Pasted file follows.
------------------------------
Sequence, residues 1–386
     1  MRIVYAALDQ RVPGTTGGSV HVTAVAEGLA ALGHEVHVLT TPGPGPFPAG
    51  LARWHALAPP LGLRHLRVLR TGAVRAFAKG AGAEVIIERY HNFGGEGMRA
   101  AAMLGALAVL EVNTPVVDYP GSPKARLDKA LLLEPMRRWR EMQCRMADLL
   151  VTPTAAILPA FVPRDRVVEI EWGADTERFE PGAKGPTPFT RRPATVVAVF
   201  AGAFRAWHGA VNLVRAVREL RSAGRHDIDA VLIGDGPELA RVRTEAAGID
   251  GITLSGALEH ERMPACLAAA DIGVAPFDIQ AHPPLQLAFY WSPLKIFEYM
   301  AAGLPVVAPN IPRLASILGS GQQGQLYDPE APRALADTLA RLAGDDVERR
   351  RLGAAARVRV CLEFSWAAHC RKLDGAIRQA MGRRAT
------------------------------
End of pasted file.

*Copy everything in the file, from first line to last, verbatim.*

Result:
Sequence, residues 1–386
     1  MRIVYAALDQ RVPGTTGGSV HVTAVAEGLA ALGHEVHVLT TPGPGPFPAG
    51  LARWHALAPP LGLRHLRVLR TGAVRAFAKG AGAEVIIERY HNFGGEGMRA
   101  AAMLGALAVL EVNTPVVDYP GSPKARLDKA LLLEPMRRWR EMQCRMADLL
   151  VTPTAAILPA FVPRDRVVEI EWGADTERFE PGAKGPTPFT RRPATVVAVF
   201  AGAFRAWHGA VNLVRAVREL RSAGRHDIDA VLIGDGPELA RVRTEAAGID
   251  GITLSGALEH ERMPACLAAA DIGVAPFDIQ AHPPLQLAFY WSPLKIFEYM
   301  AAGLPVVAPN IPRLASILGS GQQGQLYDPE APRALADTLA RLAGDDVERR
   351  RLGAAARVRV CLEFSWAAHC RKLDGAIRQA MGRRAT